For those of us who broadly support free markets, competition has always been a celebrated concept. We credit competition with all sorts of positive effects — better prices, better products, increased innovation, market growth, and so on — and as a result, tend to run our businesses in a highly competitive way too.
It’s a simple and convincing story; one which few of us ever stop to question.
However, when you look at market dynamics, there is perhaps more going on than meets the eye. In many cases competition, rather than having a positive effect for businesses, consumers, and the world at large, actually has a negative effect — and some of the benefits we credit it with, in fact, arguably come from non-competitive behaviour: something rarely acknowledged or celebrated in business.
Competitive motivation vs. competitive strategy
To explain why this is, it’s first important to distinguish between competitive motivation and competitive strategy. Competitive motivation — the “drive” to succeed and “win” in the marketplace — is, of course, the fuel that drives business. It’s why many of us get up in the morning, and what compels us to take action and think creatively. I have no issues with that. No, my critique here is of the approach many of us employ in order to gain that success we crave: competitive strategy.
Competitive strategy can be defined as a method of succeeding in business based around “beating” other companies in the market. It involves casting the other players around you as your rivals and making decisions focused on weakening their position in order to strengthen your own. It’s the strategy that views the market as zero-sum, where every purchase for them is one less for you and vice versa.
This strategy — commonplace amongst businesses in all industries and all over the world — doesn’t advance markets, drive innovation, help consumers, or help businesses. Instead, it degrades all those things, transforming business into a stagnant race to the bottom.
How competitive strategy destroys markets
The reason for this is simple.
When you attempt to “beat” another company in the market, you are compelled to offer the same value as them. If they are good at x, you must be good at x too — otherwise, you would cede that business to them, and they would thus “win”. So imagine, for instance, a soap brand who offer a wide range of fragrances. Any other brand wishing to beat them in the market would be compelled to offer a range of fragrances too — or they would lose fragrance oriented customers. This would, of course, represent “losing”, so we can’t have that — and thus fragrances would be added to the range. By and by this back and forth tussle would result in the businesses in question gradually becoming more and more alike until their market is commoditised: a bunch of undifferentiated suppliers fighting tooth and nail for the same market share.
The commoditised market you are left with, in this case — a common situation — contains no true diversity, and no true innovation, because all brands within it were forced to mirror each other’s value offering for fear of conceding ground. This creates a stalemate which is bad for all parties concerned.
Such a stalemate occurred in the American airline industry in the 1990s, where a huge battle over business travellers resulted in the market clustering and commoditising until you had a selection of very similar, very bad, airlines — all of whom went bankrupt at some point within a 20 year period.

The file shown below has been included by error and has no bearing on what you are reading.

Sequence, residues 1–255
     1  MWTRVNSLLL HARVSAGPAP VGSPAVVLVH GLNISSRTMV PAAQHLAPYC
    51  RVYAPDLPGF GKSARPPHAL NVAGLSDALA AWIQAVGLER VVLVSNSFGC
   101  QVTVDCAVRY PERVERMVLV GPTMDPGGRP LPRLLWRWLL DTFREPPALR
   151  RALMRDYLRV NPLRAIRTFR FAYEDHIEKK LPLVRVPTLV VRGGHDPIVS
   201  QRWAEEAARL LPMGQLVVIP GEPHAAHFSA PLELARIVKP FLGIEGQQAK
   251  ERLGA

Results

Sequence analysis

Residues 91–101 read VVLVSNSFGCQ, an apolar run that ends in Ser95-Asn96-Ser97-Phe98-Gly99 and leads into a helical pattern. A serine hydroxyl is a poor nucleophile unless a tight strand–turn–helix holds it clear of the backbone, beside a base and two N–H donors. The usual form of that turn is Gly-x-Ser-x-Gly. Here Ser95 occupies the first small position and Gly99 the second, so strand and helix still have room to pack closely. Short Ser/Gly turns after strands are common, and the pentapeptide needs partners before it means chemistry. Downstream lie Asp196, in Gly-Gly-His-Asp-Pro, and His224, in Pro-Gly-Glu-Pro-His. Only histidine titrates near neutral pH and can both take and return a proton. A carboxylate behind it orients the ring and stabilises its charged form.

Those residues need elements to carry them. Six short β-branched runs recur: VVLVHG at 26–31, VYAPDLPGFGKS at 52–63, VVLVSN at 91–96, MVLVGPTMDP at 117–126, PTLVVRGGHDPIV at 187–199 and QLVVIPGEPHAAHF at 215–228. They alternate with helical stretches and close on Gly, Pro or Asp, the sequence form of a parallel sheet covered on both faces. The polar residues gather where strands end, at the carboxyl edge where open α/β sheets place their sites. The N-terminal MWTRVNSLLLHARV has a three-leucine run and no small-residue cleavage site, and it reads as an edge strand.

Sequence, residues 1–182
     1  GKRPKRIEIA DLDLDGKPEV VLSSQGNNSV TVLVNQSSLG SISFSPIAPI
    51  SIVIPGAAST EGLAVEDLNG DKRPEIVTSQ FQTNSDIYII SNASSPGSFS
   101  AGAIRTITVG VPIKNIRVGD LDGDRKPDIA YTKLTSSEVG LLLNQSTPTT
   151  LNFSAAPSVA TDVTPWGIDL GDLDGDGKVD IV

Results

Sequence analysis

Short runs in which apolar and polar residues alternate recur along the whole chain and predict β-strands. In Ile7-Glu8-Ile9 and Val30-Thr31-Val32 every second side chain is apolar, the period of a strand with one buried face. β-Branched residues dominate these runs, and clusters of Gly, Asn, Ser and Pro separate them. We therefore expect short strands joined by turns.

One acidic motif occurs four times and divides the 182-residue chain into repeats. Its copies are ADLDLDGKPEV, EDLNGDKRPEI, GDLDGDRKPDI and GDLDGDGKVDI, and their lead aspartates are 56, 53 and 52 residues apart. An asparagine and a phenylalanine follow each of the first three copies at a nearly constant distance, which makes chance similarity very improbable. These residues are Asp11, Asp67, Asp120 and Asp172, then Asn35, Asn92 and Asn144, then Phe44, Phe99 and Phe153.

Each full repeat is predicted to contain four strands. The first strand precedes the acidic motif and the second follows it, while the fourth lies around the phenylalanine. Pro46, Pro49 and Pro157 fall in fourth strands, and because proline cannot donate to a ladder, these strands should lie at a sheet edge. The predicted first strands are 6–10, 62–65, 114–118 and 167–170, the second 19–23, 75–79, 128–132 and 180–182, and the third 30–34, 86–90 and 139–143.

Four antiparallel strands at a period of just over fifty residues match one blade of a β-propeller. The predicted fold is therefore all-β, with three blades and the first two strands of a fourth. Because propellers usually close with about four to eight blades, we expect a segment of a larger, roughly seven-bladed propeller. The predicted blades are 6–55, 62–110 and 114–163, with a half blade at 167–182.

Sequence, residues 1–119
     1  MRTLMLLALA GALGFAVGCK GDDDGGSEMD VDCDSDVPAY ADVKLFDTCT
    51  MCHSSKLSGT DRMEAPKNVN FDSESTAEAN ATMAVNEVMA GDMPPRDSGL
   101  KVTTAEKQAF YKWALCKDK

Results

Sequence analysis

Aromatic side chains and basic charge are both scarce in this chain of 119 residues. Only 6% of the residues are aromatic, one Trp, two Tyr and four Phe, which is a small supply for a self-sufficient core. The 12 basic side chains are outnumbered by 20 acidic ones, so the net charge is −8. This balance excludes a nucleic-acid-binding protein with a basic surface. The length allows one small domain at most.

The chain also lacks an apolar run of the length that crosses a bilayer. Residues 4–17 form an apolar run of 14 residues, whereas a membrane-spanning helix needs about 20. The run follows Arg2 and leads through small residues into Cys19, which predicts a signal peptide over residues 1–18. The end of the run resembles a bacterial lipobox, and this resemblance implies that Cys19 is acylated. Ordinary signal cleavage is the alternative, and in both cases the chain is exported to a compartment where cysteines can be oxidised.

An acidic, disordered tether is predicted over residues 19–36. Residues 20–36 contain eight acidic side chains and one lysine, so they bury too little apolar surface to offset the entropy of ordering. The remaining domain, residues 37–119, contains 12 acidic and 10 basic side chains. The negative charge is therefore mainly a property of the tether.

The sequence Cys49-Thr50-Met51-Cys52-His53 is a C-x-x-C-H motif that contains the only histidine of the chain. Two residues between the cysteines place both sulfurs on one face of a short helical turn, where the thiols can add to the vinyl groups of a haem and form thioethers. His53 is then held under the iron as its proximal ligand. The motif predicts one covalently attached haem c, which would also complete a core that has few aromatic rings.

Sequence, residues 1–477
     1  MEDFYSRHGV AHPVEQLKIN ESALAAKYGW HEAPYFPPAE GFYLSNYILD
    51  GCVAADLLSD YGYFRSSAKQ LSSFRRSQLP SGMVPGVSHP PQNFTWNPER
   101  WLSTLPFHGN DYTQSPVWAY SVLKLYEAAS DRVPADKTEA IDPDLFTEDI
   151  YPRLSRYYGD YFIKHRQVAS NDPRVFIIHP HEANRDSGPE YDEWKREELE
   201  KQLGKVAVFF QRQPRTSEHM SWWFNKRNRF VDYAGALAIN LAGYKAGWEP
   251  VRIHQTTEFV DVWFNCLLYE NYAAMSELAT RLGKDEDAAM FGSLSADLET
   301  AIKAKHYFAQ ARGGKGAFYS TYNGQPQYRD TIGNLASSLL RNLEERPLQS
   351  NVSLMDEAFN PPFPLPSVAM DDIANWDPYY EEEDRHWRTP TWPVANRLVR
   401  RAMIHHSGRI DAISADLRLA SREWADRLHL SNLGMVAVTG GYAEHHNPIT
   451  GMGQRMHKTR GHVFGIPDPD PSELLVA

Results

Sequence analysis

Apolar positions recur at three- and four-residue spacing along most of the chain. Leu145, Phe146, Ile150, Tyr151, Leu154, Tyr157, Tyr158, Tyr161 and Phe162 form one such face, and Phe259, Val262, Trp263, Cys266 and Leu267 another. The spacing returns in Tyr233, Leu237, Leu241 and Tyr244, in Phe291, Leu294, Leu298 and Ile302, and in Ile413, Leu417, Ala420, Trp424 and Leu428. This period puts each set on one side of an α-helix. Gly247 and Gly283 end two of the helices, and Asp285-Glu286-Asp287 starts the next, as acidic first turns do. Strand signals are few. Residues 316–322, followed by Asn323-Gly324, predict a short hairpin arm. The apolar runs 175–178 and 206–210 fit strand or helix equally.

The beauty of not competing
True innovation and market diversity only emerge when businesses are happy not to compete with the other brands in their category over certain segments, in order to free themselves to pursue something a bit different. This decision to “drop hands”, and allow their competitors to have a certain part of the market, may be driven by competitive motivation, but it doesn’t constitute a competitive strategy. Quite the opposite, because it involves explicitly refusing to compete on certain metrics.
This is precisely how the deadlock was broken in the airline industry, with one airline, Southwest, choosing not to bother business travellers at all, and as a result, inventing the low-cost airlines’ category.
In this way, you can see that it was non-competitive behaviour that drove innovation, produced value for consumers, and advanced the market. Yes, Southwest took some trade from the legacy carriers — but it wasn’t the trade those carriers were focused on. Instead, the market became portioned, with certain brands looking after their own slices, rather than it being a grand battle royale over the whole pie.
As you can imagine, in addition to being good for the market and consumers, adopting a non-competitive strategy is good for businesses too, hugely increasing profitability. To understand how this works, and how to employ such a strategy for yourself, check out this talk I did on the subject with TEDx Folkestone:
So by all means, continue to strive, continue to crave growth, success, and dominance of your market. And if you want to call that striving “competition”, then so be it. But be aware that such rewards don’t come to those who behave in a competitive way. The truth is far more subtle than that. It might just be that you actually win when you refuse to compete.
Alex Smith is the founder of Basic Arts and is well known in the strategy industry for his counter-intuitive takes on business future. Having spent his career advising brands such as The Economist, Innocent, and Hello Fresh on their positioning, he began to see flaws in the normal way we approach strategy, and so developed a new way of doing things by distilling the lessons of the elite few brands who get it right. He now works with some of the best talents from a combination of backgrounds to bring these ideas to every business. You can keep up with his writing by checking out his blog on BasicArts.org.